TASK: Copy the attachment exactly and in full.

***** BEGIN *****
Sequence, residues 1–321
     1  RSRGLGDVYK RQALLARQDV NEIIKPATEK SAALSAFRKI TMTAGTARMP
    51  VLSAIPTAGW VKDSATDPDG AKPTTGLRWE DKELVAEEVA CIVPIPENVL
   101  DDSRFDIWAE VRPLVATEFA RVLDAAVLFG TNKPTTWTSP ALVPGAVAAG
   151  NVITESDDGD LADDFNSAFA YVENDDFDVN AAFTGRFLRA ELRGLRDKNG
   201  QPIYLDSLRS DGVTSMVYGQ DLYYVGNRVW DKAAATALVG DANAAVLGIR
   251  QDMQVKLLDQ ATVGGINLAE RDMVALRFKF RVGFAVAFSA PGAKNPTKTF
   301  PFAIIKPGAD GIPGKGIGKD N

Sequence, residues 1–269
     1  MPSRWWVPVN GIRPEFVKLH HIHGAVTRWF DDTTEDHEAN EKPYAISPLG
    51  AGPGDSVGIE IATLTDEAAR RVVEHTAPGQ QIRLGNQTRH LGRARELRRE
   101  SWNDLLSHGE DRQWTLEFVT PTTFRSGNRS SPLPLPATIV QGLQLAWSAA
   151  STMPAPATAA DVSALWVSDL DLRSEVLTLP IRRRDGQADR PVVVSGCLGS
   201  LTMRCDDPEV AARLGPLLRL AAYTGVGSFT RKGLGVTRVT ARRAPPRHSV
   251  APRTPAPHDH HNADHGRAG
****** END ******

Sequence, residues 1–321
     1  RSRGLGDVYK RQALLARQDV NEIIKPATEK SAALSAFRKI TMTAGTARMP
    51  VLSAIPTAGW VKDSATDPDG AKPTTGLRWE DKELVAEEVA CIVPIPENVL
   101  DDSRFDIWAE VRPLVATEFA RVLDAAVLFG TNKPTTWTSP ALVPGAVAAG
   151  NVITESDDGD LADDFNSAFA YVENDDFDVN AAFTGRFLRA ELRGLRDKNG
   201  QPIYLDSLRS DGVTSMVYGQ DLYYVGNRVW DKAAATALVG DANAAVLGIR
   251  QDMQVKLLDQ ATVGGINLAE RDMVALRFKF RVGFAVAFSA PGAKNPTKTF
   301  PFAIIKPGAD GIPGKGIGKD N

Sequence, residues 1–269
     1  MPSRWWVPVN GIRPEFVKLH HIHGAVTRWF DDTTEDHEAN EKPYAISPLG
    51  AGPGDSVGIE IATLTDEAAR RVVEHTAPGQ QIRLGNQTRH LGRARELRRE
   101  SWNDLLSHGE DRQWTLEFVT PTTFRSGNRS SPLPLPATIV QGLQLAWSAA
   151  STMPAPATAA DVSALWVSDL DLRSEVLTLP IRRRDGQADR PVVVSGCLGS
   201  LTMRCDDPEV AARLGPLLRL AAYTGVGSFT RKGLGVTRVT ARRAPPRHSV
   251  APRTPAPHDH HNADHGRAG